Top Stories

February 23, 2016

Technology and Innovation

Report: Better technology and reduced meat consumption required to meet climate targets

Unless greenhouse gas (GHG) emissions from food consumption are reduced substantially, EU climate targets will not be met, according to a new study from Chalmers University of Technology and SP Technical Research Institute of Sweden. Emissions from food and agriculture, currently accounting for about 25 percent of GHG emissions, need to be cut by about three-quarters by 2050 to meet the targets. The study finds that besides reductions in beef and dairy consumption, technology improvements will be crucial. According to David Bryngelsson, lead author of the study, emissions from manure storage and fertilizer production can largely eliminated by using the latest technology. However, the technological prospects for cattle are less promising. This is a critical finding, since cattle account for a very large share of the emissions. (Chalmers University of Technology)


General Motors re-brands engineering arm to reflect era of electronic vehicles

General Motors (GM) is dedicating more than 4,000 employees to the development of new fuel cell and battery technologies as part of a manufacturing shift towards hybrid and electric vehicles (EVs). The company is re-branding its Powertrain division of designers, developers and engineers as GM Global Propulsion Systems – to reflect industry trends towards alternative fuel vehicles. “The new name is another step on our journey to redefine transportation and mobility,” said GM’s executive vice president of global product development, Mark Reuss. “Today’s customer is demanding unprecedented technology integration that requires unprecedented engineering and supplier partnerships” added GM Global Propulsion Systems’ vice president Dan Nicholson. (edie)

International Development

OECD redefines foreign aid to include some military spending

The definition of foreign aid has been changed to include some military spending, in a move that charities fear will lead to less cash being spent on directly alleviating poverty. The change in wording was agreed by the Organisation for Economic Co-operation and Development (OECD) after the UK and other countries lobbied to be allowed to use overseas aid budgets to support the military and security forces in fragile countries, as long as this still promotes development goals. Charities and NGOs were dismayed by the news, after a coalition including Oxfam and ONE warned last week that it could lead to governments disguising some defence spending as foreign aid. Under the new rules, official aid can be used to support the military in fragile countries on issues that promote development, such as human rights and the prevention of sexual violence. (Guardian)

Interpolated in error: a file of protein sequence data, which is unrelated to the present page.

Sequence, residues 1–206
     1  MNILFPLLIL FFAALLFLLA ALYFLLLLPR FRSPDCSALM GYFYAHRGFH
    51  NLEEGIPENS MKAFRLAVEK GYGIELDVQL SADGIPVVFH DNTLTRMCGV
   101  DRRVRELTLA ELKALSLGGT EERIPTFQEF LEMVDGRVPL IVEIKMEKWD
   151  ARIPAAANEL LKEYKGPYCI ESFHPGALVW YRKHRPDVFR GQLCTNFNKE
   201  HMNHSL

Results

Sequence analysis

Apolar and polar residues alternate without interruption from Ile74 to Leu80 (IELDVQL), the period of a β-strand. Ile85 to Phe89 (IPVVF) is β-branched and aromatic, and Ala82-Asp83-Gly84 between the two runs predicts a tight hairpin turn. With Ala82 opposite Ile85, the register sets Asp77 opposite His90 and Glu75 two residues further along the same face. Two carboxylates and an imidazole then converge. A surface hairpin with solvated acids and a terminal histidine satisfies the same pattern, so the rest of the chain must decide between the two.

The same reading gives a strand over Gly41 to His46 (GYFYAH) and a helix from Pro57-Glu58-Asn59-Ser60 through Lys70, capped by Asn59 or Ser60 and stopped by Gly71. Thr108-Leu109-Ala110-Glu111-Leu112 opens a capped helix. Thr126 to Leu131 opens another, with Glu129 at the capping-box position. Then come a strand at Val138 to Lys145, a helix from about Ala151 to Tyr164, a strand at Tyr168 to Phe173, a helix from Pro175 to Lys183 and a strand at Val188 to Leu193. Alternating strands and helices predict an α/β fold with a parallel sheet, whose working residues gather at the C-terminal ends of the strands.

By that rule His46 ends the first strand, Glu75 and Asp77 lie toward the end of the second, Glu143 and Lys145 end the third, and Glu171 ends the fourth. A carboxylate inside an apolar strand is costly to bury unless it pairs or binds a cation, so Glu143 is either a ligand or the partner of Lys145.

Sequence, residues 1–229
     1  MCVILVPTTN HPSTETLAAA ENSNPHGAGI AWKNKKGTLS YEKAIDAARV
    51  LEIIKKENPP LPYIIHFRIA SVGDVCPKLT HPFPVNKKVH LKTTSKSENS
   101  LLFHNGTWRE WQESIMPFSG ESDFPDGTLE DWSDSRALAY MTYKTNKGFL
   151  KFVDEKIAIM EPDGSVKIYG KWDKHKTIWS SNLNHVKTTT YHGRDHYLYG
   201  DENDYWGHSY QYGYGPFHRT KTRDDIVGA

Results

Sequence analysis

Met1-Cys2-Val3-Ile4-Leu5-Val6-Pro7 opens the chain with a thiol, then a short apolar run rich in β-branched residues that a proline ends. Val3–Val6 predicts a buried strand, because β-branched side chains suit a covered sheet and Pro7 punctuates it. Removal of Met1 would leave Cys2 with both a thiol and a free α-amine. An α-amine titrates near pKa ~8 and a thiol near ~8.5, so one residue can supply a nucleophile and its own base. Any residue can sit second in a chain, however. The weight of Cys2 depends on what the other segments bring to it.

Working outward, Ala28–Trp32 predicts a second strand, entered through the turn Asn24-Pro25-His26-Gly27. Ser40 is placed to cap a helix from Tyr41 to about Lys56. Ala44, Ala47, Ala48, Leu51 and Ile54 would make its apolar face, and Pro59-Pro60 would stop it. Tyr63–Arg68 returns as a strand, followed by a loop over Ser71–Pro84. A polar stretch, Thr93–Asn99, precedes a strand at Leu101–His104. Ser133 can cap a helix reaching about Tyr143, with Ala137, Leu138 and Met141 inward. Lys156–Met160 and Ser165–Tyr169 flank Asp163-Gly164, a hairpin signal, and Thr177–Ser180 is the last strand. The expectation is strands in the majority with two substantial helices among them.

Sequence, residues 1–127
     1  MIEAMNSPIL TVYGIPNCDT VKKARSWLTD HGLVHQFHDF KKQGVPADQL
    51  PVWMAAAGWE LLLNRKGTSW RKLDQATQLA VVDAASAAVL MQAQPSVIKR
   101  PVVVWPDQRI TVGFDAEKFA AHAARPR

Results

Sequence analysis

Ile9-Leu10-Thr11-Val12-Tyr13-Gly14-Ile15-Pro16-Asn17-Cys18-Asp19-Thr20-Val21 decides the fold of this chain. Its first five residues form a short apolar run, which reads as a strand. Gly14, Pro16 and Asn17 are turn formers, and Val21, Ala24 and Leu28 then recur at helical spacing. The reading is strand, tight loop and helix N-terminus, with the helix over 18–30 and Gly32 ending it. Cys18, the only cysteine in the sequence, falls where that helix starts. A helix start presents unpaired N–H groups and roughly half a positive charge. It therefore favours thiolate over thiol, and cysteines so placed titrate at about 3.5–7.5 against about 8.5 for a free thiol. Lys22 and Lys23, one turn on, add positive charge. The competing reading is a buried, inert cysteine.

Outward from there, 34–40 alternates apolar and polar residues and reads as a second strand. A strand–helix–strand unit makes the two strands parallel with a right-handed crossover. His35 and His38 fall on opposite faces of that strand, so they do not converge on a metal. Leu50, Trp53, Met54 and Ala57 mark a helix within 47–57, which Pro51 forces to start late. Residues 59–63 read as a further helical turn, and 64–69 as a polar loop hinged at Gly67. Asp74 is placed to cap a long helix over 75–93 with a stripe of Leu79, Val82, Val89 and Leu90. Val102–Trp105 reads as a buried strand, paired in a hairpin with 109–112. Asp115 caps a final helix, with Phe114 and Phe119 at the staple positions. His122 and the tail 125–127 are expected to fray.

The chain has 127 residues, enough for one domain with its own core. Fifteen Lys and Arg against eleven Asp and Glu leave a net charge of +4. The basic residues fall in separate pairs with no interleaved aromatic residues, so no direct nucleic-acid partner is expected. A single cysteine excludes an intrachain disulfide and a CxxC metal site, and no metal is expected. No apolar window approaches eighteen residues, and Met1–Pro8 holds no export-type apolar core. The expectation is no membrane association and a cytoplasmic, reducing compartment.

Responsible Investment

University of Chicago professors urge fossil fuel divestment over climate change fears

More than 250 professors at the University of Chicago have called on the school to fight climate change by ridding itself of fossil fuel holdings – a gesture that would have exceptional resonance from the former home of Barack Obama and alma mater of current presidential contender Bernie Sanders. In a symbolic show of solidarity with student activists, professors urged the elite private university to purge its $7.6 billion endowment of coal, oil and gas companies, citing the “universal and existential” threat posed by climate change. Student leaders of the Stop Funding Climate Change campaign have been pressing the university to dump its fossil fuel holdings as part of the rapidly growing divestment movement. Robert Zimmer, the university’s president, has said divestment is “unlikely”, citing the university’s tradition of political neutrality. (Guardian)


Report: Air pollution claiming at least 40,000 UK lives a year

Air pollution both inside and outside the home causes at least 40,000 deaths a year in the UK, according to new report, which estimates the cost of the damage at £20 billion. The study from the Royal College of Physicians and the Royal College of Paediatrics and Child Health also highlights the less understood impact of indoor pollution, as well as the growing evidence of harm to children’s health and intelligence. The researchers argue that there is no level of exposure that can be seen to be safe. The report calls for a wide-ranging set of measures to tackle the problem, including tougher regulations to limit air pollution such as reliable testing of emissions from vehicles. Recently, the European Parliament failed to veto loopholes in air pollution limits on new diesel cars. (edie)


Image source: Holstein dairy cows by Scott Bauer / Public Domain